Wilfried Witte: Influenza Vaccination and Vaccine Policies in Germany, ca. 1930–1960. [Abstract]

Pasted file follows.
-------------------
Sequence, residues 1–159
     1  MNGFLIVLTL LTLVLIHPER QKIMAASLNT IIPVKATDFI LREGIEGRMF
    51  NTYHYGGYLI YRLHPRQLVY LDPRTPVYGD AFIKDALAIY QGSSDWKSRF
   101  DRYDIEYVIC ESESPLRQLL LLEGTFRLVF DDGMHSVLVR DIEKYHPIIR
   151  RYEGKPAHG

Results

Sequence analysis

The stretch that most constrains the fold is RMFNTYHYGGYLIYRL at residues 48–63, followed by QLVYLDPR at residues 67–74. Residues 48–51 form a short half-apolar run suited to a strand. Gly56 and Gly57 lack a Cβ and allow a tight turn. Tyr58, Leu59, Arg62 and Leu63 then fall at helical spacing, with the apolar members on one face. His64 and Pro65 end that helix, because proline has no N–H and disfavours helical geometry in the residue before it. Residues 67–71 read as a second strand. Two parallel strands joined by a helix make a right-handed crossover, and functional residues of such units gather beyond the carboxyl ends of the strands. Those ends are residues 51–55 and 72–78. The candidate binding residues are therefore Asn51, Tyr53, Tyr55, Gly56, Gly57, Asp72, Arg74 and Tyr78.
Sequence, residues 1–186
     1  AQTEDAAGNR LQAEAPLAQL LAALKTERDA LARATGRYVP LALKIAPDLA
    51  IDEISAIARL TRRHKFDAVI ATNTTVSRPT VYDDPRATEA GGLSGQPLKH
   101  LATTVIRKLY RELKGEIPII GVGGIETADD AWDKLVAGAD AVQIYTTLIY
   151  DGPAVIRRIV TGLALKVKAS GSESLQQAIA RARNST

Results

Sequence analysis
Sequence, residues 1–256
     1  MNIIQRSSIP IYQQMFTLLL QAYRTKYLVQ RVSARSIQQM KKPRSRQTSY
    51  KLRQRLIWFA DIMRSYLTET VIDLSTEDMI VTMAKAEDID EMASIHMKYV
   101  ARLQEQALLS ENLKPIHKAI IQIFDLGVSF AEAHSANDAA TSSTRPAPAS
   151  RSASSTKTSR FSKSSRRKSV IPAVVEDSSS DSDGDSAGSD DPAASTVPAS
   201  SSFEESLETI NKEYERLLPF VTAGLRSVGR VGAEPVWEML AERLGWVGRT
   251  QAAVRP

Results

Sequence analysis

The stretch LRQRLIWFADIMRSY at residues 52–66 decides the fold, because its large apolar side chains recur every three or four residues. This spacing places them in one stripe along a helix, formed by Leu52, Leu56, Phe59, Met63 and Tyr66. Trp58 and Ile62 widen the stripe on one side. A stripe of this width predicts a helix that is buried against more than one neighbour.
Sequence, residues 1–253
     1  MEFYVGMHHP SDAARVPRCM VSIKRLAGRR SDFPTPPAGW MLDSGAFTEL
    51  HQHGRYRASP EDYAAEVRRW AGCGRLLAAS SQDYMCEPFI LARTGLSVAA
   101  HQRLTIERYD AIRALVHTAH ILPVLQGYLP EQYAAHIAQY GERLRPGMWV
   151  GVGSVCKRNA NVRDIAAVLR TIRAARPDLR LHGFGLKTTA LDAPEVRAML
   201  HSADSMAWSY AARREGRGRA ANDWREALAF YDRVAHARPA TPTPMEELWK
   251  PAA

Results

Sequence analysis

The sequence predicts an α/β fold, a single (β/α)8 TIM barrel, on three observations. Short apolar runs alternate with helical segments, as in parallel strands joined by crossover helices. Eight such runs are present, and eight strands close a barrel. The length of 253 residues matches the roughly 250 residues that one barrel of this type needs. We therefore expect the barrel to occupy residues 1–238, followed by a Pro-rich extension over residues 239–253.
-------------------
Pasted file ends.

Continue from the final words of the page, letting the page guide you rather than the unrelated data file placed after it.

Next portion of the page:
The paper deals with the history of virological influenza vaccination before, during, and after the Third Reich. German microbiology got left behind in the 1930s because of its adherence to a bacteriological concept of influenza. It was not the London discovery of the influenza virus in 1933 that fundamentally changed this, but the fear of a new disastrous influenza pandemic that might develop in the context of World War II. Large-scale field trials beginning in 1942 in the United States prompted those in power in Germany to seek their own virological influenza vaccine. The plan was to vaccinate only groups of people important to the war effort. However, no influenza vaccination campaign took place during the Nazi era. This was not implemented until 1946/47 by the Allies, in Berlin. The West German public remained skeptical about influenza vaccination until the late 1950s. In East Germany, vaccination was seen as part of a socially hygienic health policy. The processes, theoretical backgrounds and personnel as well as institutional continuities are shown in the paper.
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